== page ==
If you are in the Arabian horse community for very long, the chances are you will hear people talk about how much they enjoy meeting and making friends with other Arabian owners and breeders. I have been out of the country in the past to see horses (the Brazilian Nationals and the Salon du Cheval come to mind) and can testify to the special bond of Arabian horse people not just here, but worldwide. And as many of us have, I’d heard the stories of Poland—of the magic of its horses and its people, and how as engaging as the Poles are when they travel here, they are even more amazing in their own country. So, in June, when my parents and I had the opportunity to travel to Poland for the first time, we signed on with enthusiasm.
We weren’t sure what the trip would be like. We have appreciated Polish horses for years, but we haven’t been “pure Polish” breeders. We were prepared to be impressed, but we weren’t born yesterday; it would have to be pretty special to rock our world. I don’t know how else to say this: it rocked our world.
Here is my diary of my first experience in Poland. I hope that every Arabian breeder, regardless of the bloodlines in their program, is able to visit the stud farms of Poland and, as my mom and dad and I did, create their own wonderful memories.
The idea of going to Poland began for us last spring, when Gene LaCroix was visiting at Cedar Ridge. What a golden opportunity it was to do it with Gene! After all, he had been with his father back in 1962 when they selected *Bask—who could ask for more history? It got even better when Scott Benjamin (who knows more about Polish horses and their pedigrees than just about anyone except the stud directors and breeding managers) and Anette Mattsson, also extremely knowledgeable about Poland and its breeding program, got involved.
So, on Sunday, June 22, around 2:30 in the afternoon, we boarded a plane in Minneapolis. By the time we arrived in Amsterdam eight hours later (about 6 on Monday morning, with the time change), we were talking nonstop, remembering all the great times we’d had together. It was perfect preparation. We didn’t know it then, but we had embarked on what would be a very special chapter in the Ames family record books.
Monday, June 23rd
Our connecting flight into Warsaw landed at about 10:30 a.m., and we met the group we would be traveling with at the airport. In addition to Gene and Anette (Scott arrived the next day), we were joined by Sophie Dia Pegrum and Jen Miller of Horsefly Films, who would photograph and take video of the trip, and several others. Most were from the U.S., but we also had a representative of France and two from Namibia. It was a great group, and one we would appreciate more and more as our journey unfolded. Some of us had been in the Arabian breed forever; some were new. Some competed in the show ring, while some had other interests (our new friends from Namibia, Henning and Barbara de Toit, are endurance riders). Some bred horses, and others were considering starting their own programs. We had every viewpoint and background you can imagine.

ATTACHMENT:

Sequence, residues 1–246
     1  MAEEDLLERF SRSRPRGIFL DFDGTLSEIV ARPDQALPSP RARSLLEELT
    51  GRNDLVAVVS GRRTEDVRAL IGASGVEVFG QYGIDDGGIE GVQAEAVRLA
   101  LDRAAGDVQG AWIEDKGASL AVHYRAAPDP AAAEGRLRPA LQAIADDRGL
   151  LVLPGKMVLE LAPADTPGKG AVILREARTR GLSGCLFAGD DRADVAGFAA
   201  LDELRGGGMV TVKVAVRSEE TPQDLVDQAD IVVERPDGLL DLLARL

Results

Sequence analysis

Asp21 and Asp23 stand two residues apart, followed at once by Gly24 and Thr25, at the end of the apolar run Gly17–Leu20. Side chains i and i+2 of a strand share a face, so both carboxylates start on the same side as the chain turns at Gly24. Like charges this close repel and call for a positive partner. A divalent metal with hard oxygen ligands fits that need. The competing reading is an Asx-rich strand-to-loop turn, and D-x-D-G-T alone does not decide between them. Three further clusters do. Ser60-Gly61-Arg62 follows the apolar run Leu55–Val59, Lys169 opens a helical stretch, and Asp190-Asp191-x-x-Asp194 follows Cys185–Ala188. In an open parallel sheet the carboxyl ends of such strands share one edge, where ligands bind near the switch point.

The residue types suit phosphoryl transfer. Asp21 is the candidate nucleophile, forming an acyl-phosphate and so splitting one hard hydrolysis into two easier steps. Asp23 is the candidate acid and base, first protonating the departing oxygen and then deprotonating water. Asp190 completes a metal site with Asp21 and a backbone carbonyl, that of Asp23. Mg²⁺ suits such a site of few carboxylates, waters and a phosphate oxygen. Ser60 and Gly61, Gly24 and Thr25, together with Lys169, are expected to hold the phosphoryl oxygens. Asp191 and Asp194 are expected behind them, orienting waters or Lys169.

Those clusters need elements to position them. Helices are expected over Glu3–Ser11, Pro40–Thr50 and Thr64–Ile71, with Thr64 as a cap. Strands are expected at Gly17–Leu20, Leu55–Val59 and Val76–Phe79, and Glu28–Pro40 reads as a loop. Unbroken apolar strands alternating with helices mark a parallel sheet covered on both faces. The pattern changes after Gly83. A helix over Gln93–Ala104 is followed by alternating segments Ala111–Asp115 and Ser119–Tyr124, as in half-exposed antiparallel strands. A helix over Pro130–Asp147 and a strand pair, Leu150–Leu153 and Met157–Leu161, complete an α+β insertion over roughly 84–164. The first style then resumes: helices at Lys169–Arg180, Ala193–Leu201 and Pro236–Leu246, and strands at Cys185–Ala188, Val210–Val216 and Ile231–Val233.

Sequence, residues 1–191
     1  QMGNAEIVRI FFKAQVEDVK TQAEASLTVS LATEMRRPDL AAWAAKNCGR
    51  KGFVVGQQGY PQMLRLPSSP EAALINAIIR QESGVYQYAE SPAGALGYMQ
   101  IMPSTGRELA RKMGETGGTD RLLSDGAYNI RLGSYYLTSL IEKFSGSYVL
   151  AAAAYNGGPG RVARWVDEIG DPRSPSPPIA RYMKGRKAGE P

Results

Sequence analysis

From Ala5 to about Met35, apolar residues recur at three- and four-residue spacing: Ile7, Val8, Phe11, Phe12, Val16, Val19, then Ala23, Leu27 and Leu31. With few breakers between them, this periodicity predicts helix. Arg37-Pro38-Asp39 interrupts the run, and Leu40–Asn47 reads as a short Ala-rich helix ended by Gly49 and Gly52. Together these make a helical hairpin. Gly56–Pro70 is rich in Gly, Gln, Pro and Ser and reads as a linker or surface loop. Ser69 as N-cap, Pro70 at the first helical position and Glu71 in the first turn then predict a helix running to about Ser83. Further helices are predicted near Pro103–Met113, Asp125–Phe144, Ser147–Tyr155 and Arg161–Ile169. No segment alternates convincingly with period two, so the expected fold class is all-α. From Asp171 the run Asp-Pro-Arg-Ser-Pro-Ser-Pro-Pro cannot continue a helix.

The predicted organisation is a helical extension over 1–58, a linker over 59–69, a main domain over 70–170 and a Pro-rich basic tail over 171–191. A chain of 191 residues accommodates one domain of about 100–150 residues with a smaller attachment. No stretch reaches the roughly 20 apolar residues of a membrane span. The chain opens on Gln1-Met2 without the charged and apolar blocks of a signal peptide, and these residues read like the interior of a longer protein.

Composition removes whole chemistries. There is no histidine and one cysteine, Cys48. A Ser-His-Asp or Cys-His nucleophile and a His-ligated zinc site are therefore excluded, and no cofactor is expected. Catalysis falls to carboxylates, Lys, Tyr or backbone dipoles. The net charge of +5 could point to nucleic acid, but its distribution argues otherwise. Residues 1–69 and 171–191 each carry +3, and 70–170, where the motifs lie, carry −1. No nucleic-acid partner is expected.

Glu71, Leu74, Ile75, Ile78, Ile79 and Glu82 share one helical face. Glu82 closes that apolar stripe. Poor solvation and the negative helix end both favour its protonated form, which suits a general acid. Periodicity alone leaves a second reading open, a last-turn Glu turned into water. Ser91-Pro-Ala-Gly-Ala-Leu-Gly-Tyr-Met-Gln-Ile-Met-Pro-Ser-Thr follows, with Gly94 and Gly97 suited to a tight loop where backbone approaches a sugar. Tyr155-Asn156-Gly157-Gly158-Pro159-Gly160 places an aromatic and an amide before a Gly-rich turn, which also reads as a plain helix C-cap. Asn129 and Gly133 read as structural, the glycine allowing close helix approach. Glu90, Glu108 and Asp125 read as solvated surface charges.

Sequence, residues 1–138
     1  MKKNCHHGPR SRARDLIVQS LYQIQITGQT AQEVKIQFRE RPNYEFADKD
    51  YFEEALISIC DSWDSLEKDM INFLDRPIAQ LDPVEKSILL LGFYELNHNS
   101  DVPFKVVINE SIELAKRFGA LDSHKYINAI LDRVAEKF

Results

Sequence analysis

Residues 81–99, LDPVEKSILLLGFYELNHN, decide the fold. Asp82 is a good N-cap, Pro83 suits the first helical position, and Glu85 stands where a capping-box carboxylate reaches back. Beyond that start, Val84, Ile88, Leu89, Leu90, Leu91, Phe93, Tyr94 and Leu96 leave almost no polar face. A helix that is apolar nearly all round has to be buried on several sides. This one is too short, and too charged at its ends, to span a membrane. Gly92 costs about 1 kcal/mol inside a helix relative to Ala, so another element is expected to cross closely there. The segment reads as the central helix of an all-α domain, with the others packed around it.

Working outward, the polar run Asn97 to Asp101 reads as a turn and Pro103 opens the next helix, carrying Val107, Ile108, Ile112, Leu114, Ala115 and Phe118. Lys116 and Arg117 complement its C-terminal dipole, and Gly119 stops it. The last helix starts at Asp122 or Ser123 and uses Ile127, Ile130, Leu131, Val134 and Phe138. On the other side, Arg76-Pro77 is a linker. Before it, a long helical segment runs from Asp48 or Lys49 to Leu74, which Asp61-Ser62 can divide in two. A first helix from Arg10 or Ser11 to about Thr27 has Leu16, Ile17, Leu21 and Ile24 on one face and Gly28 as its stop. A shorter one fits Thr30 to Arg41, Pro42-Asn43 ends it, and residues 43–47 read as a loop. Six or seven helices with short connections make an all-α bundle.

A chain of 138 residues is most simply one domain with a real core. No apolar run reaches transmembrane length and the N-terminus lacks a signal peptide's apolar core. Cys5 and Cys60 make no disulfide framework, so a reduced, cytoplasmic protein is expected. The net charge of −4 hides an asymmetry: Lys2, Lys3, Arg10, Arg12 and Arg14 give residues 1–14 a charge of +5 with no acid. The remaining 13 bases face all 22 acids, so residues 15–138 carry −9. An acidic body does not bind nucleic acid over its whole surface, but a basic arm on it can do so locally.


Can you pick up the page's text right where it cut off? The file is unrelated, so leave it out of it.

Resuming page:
Our mind on our business, we skipped freshening up and boarded a large, comfortable bus for the two-hour trip to the Russian border, where the oldest of the Polish stud farms, Janów Podlaski, is located. Our destination, though, was our hotel, the Pensjonat Zaborek, about 30 minutes’ drive from the stud farm. This is an outstanding “bed and breakfast” that I would recommend to anyone visiting Janów. I have to admit that when our bus turned into the narrow road that leads to Zaborek, I wondered how we would ever fit through, but we did, and as we approached the main cottage, we saw a beautiful pond and gardens dotted with charming buildings. Some of them dated to the 19th century, and it was easy to appreciate the character of the architecture and the careful, true-to-the-culture decor of the rooms.
We were greeted on our arrival by Zaborek’s owners, Lucyna and Arek Okon, who helped us all get settled. Then we met for our first meal together, and you could just tell that it was going to be a fun group to travel with. I was pretty tired by then, having been up for more than 24 hours, so I called it an early evening, but the rest of the group toured the grounds and learned the history of the plantation.
Tuesday, June 24th
I woke up to a familiar sound that I had heard as a child—my dad running up the stairs, yelling for me to wake up. What he forgot was there were 12 other people in the rooms upstairs! My dad is one-of-a-kind. He has a heart as big as, well, a Percheron (his other equine love, in addition to Arabians) and a personality to match.
After breakfast, we boarded the bus to Janów. I had always seen pictures of the farm and had a vision in my mind of what it would be—the historic old clock tower, the atmospheric forests, the quiet pastures. And it was exactly what I thought and more. I will never forget coming through the gates and seeing, at the end of the lane, the peaceful lawn and the old white tower.
That first day, we toured the farm’s barns and viewed the horses. We even got a carriage ride to the river that was on the Russian border. The horses were incredible, no question, but what was most amazing to me was how the staff moves the horses to and from the pastures each day. All of the horses are very well disciplined and they know the routine, even the foals. At the command of grooms who ride bicycles, when they come out of their barns, they head as a group down the road to their pasture, through its open gate, and out into an expansive landscape of acres and acres. At the end of the day, they reverse the action—and I don’t mean they are trotting docilely. They are galloping in a large group, dust rising all around them if it’s a dry day. The mares go right to their stalls or, if they are in one of the open-room barns, to the spot on the wall where each is tethered each night. It’s very impressive, and no matter how often you see photos and videos of it, it is still amazing in real life.